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At risk of sounding prideful, I think I did it! This spaghetti squash topped with roasted beets, cauliflower and sautéed kale looks so impressive, is fresh, and is perfect for entertaining. A lot of the cooking time is inactive (roasting the squash and the other vegetables); the only active time is a few minutes spent sautéing the kale, seeding and pulling the squash, and assembling the dish. I used sautéed kale because I had some leftover from the week before, and I didn’t want it to go to waste. You could use spinach of any variety, swiss chard, mustard greens (although these would be spicy!), or even arugula. Use what you have! When roasting the beets and cauliflower, you can do this on one baking sheet as I did, but keep them separate, then I used two spoons to stir them around, trying to be careful to not let the beets touch the cauliflower, as the red color of the beets transfers over so easily. This was mostly for presentation and aesthetics, you don’t need to do this as pink cauliflower won’t change the flavor of the dish. 🙂

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This is vegan, gluten free, filling and uber healthy. Perfect for welcoming in fall.

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roasted beets, cauliflower + kale with spaghetti squash. 

ingredients
1 spaghetti squash
3 small beets (or 1 large), trimmed, peeled and quartered
1/2 head cauliflower, cut into florets
1/2 bunch dinosaur/tuscan kale (can use any hardy green), stems removed and the leaves thinly sliced into ribbons
3 tablespoons plus 1 teaspoon olive oil
1.5 teaspoon sea salt
1 teaspoon black pepper
1 teaspoon dried thyme
zest and juice of one half a lemon

directions
Heat the oven to 400 degrees. Poke two holes on each side of the squash and place on a rimmed baking sheet filled with an inch or two of water. Bake for one hour (check and if soft, remove from oven). Once the squash has cooled for five minutes, cut the squash in half and use a spoon to remove the seeds. Once the seeds are removed, use a fork or spoon to create the ‘spaghetti’ and pull out all the flesh into a bowl. Season with 1/2 teaspoon salt and toss well. Set aside.

On a rimmed baking sheet lined with foil, place the cut beets on one side and the cauliflower florets on the other. Drizzle the 3 tablespoons of oil over the vegetables, and season with the thyme, salt and pepper. Using your hands, mix the cauliflower together until the oil and seasonings are well distributed, and then do the same with the beets, keeping them separate. Wash your hands. Roast the vegetables for 20-25 minutes, stirring them once halfway though. Once the beets are pierced easily with a fork and the cauliflower is tender, they are done. Remove from oven.

While the beets and cauliflower are roasting for their last 5 minutes, heat the teaspoon of olive oil in a skillet over medium heat. Add the kale ribbons and cook for 3-5 minutes, until slightly wilted. Sprinkle the zest of the lemon and the juice over the kale and turn off the heat.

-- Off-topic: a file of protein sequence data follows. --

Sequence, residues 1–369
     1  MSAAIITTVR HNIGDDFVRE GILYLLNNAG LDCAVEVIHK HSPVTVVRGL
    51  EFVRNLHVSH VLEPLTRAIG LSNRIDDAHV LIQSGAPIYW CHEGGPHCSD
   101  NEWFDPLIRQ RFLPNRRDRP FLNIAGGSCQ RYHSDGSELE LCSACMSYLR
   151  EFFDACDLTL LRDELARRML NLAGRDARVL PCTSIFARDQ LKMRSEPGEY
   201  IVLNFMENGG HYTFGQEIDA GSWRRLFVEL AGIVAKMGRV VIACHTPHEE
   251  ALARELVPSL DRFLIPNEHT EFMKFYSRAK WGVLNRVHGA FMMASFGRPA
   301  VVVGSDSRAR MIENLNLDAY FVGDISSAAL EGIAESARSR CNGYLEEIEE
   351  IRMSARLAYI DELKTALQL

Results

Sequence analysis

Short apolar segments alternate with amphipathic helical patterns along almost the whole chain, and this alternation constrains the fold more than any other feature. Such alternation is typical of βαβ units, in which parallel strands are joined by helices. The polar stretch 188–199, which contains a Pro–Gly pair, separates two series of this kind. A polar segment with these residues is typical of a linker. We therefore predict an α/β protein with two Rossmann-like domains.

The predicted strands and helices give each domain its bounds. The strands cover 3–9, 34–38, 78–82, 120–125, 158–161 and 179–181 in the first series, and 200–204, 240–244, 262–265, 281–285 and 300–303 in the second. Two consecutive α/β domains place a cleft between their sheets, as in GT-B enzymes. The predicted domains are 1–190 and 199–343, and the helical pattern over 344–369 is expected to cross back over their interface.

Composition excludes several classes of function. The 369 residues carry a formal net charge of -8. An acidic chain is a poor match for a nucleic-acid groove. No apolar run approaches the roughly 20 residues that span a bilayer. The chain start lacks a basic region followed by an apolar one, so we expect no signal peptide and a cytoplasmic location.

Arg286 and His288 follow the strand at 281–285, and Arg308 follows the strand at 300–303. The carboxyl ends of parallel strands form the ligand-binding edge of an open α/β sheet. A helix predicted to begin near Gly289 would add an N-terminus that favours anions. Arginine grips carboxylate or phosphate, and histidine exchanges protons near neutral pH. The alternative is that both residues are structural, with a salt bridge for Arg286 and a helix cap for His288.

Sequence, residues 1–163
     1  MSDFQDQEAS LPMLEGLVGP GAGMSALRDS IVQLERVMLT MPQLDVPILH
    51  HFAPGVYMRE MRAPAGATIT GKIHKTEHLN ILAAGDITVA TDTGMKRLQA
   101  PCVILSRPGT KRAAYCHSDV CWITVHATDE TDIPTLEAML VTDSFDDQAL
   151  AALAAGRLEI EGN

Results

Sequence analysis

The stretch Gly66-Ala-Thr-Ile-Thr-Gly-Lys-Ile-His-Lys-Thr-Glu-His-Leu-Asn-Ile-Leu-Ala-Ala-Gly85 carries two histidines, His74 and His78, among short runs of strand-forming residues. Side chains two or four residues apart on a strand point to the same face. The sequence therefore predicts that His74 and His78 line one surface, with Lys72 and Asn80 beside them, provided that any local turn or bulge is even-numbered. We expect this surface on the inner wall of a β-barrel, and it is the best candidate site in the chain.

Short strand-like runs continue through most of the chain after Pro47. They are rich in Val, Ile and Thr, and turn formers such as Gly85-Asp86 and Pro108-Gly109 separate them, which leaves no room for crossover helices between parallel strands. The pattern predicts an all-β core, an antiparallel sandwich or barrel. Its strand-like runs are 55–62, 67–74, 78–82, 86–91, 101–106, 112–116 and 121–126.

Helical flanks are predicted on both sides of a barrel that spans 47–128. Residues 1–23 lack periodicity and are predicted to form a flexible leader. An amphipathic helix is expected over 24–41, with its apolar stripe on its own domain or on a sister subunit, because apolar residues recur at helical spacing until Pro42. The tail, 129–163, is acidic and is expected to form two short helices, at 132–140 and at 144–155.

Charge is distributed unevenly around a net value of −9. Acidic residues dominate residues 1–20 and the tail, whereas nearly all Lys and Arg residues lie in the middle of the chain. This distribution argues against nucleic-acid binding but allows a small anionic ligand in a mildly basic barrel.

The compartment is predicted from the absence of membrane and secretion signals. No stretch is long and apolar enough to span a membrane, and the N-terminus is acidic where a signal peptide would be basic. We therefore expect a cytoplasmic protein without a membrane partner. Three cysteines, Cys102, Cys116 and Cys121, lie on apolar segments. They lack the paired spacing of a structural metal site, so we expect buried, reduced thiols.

To assemble: Divide the spaghetti squash amongst four shallow bowls. Top with the kale. Add the beets and cauliflower to each bowl, season with additional salt or pepper if desired and serve warm, or at room temperature.

Serves 4. *Please use organic ingredients wherever possible* 

roasted red pepper + tomato soup with gouda.

A long time ago, I wrote about this delicious soup that was served at one of the hospital cafes. It was rich and delicious, and I always looked forward to the day they served it (Wednesdays). <– Is it kind of sad that I knew the soup schedule? While I used that soup as inspiration for a vegan version, today’s version is decidedly more indulgent. I suppose that happens when you add nearly one cup of smoked gouda cheese into the soup pot. Mmmmmm.

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The weather here in NY has taken a firmly fall turn over the past week, and I am not complaining. The brisk air just begs for soup, scarves, chunky sweaters and evenings curled up under blankets. Leslie heaven, you may say!

This soup is great for a weeknight, as we are using jarred fire roasted bell peppers (you know how I love them! Evidenced here, here, and here), canned crushed tomatoes, and jarred spices. Add a few pantry and refrigerator essentials, and in less than 45 minutes, soup is ready! So easy. I served this with a simple black kale salad, but you can serve with bread or croutons. Go on, it’s worth it.

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roasted red pepper + tomato soup with gouda.
inspired by my favorite roasted red pepper gouda bisque. 

ingredients
1 tablespoon grapeseed oil 
12 ounce jar of roasted red peppers, chopped, oil reserved 
28 ounce can crushed tomatoes
1 carrot, peeled and diced
1 medium onion, diced
3 garlic cloves, smashed and minced
3 cups vegetable or low sodium chicken stock
1 teaspoon dried basil
1/2 teaspoon dried thyme
1 teaspoon sea salt
1/2 teaspoon black pepper
3/4-1 cup shredded gouda cheese

directions